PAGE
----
Counties In Southwestern Wisconsin Fund New Research On Groundwater Quality

Growing Concerns About Contamination Prompted Local Leaders To Commission The Study

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Three counties in southwestern Wisconsin are commissioning a new study of private wells in response to growing concerns about groundwater contamination across the state.

Grant, Iowa and Lafayette counties are funding the Southwest Wisconsin Groundwater and Geology (SWIGG) study. Researchers from the Wisconsin Geological and Natural History Survey, U.S. Geological Survey, U.S. Department of Agriculture and other state agencies will test hundreds of private wells to measure the amount and source of contamination.

“We will determine for the private wells in that area if the contamination is coming from septic systems, dairy manure or hog manure,” said Mark Borchardt, a USDA microbiologist and one of the researchers conducting the study.

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He said the team will be looking at two different types of contaminants: coliform bacteria and nitrates. Nitrates are a chemical compound excreted by humans and animals that have been linked to infant methemoglobinemia or “blue baby syndrome,” colorectal cancer and thyroid disease. Coliform bacteria doesn’t cause illness, but it’s commonly used to measure how sanitary water is and can indicate the presence of disease-causing pathogens.

Lynda Schweikert, administrator for Grant County’s Conservation, Sanitation and Zoning Department, said her county wanted to participate in the study because a recent survey found groundwater was the top resource concern for residents.

“I think it’s stemming from increased pressure on groundwater with agriculture and development,” Schweikert said. “We’ve had members of the public coming into our committee asking for increased regulations on manure spreading and manure storage.”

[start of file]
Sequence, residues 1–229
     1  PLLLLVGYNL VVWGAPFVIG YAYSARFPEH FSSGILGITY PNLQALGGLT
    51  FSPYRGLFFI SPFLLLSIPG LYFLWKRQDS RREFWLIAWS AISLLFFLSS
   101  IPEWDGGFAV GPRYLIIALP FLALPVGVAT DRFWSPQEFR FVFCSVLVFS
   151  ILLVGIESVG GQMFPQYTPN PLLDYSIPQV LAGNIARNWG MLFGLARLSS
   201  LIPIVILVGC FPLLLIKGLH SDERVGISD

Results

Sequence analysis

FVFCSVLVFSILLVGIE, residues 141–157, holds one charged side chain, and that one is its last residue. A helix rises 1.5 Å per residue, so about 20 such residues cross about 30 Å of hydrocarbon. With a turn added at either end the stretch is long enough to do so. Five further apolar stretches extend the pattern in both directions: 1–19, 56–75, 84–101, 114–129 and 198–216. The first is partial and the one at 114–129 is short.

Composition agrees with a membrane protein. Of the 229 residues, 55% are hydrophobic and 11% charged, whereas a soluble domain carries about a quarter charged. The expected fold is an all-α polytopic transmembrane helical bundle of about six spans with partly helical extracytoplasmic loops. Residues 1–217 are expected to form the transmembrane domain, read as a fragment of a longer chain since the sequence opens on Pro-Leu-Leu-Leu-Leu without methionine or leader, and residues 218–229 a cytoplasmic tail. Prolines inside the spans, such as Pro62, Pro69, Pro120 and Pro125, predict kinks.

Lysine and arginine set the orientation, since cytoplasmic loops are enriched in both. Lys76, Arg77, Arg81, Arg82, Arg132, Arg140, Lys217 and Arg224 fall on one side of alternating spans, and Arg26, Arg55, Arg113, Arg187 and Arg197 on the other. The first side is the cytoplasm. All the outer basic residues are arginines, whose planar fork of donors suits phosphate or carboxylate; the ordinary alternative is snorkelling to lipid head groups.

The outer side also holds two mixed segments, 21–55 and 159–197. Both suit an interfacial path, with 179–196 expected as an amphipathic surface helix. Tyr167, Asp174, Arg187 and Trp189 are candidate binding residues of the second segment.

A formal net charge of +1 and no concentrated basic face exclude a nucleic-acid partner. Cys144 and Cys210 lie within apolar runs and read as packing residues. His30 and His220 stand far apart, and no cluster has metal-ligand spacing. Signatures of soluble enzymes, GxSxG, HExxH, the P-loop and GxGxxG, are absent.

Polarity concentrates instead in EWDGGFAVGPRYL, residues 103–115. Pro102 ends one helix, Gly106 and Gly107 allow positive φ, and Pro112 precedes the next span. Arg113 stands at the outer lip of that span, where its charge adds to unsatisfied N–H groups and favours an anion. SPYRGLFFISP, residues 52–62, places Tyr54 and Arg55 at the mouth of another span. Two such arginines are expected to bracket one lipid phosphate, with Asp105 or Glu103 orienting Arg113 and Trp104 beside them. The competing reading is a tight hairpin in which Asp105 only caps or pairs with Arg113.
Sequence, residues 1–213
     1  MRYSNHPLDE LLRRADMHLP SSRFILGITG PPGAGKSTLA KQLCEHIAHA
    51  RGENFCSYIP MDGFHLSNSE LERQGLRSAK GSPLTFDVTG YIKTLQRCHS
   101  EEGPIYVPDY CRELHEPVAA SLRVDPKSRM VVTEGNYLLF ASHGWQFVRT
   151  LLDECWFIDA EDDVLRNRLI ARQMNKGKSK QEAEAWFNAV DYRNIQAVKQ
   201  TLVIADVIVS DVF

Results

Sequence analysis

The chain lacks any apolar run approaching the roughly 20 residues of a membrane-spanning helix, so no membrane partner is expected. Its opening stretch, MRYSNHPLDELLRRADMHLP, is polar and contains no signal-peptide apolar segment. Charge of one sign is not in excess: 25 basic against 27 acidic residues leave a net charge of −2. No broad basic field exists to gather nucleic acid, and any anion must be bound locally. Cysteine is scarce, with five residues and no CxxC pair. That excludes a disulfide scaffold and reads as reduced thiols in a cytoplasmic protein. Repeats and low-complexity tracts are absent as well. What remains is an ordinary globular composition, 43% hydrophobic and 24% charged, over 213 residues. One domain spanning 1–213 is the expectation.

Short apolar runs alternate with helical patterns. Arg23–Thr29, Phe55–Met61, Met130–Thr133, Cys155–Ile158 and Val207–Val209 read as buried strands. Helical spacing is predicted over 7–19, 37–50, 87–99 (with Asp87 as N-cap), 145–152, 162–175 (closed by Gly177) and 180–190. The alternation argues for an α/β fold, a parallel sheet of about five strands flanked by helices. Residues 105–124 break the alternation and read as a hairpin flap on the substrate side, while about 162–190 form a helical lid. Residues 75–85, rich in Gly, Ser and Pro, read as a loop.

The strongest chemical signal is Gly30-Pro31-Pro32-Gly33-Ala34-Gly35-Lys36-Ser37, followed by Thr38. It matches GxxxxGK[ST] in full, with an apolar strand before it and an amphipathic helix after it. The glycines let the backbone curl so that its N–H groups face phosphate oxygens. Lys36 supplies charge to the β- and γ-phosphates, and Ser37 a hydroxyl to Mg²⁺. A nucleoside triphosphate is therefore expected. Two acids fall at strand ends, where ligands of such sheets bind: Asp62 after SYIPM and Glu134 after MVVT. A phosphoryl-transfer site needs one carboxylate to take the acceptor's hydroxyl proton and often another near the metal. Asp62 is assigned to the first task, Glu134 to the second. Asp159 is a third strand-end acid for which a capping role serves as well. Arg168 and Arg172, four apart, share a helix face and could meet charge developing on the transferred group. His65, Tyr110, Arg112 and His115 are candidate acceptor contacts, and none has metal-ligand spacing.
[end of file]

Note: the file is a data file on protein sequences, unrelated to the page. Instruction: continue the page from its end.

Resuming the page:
Center for Watershed Science and Education, UW-Stevens Point

Around 44 percent of residents in Grant, Iowa and Lafayette counties get their water from private wells.

But Schweikert said local officials don’t have enough data to know if wells are being contaminated. She said most surveys focus on surface water because it’s cheaper to monitor.

“Wisconsin DNR can go and sample any stream or river that they can have access to and it’s easily obtained. But for groundwater, we need cooperation with the private landowners to get access to the individual wells. So it’s a much more difficult situation to assess,” Schweikert said.

Schweikert said Grant county officials plan to use the study to adjust their regulations, whether it’s for private septic systems or farming practices.

Researchers also hope the study will help determine the risk factors for well contamination.

“Things like how close the well is to a septic system, how close the well is to an agricultural field, the depth of the soil before bedrock where the well is located,” Borchardt said. “It allows us to help policy makers establish criteria for protecting private well water quality: having guidelines for well construction, for setback distances, those sorts of things.”

Borchardt said concerns about groundwater are nothing new for the state, with research dating back decades in northeastern Wisconsin.

“We’ve known about these things for a quite a while. But on the other hand, given the current state of knowledge and techniques available and the statistical analyses that can be done, the statistical modeling, I think we have the opportunities now across the state of Wisconsin to do really sophisticated studies that can help resolve some of these issues,” Borchardt said.

Borchardt said the research team sent letters to hundreds of randomly selected private well owners in the three counties asking for participants and have already received responses from nearly 400 residents.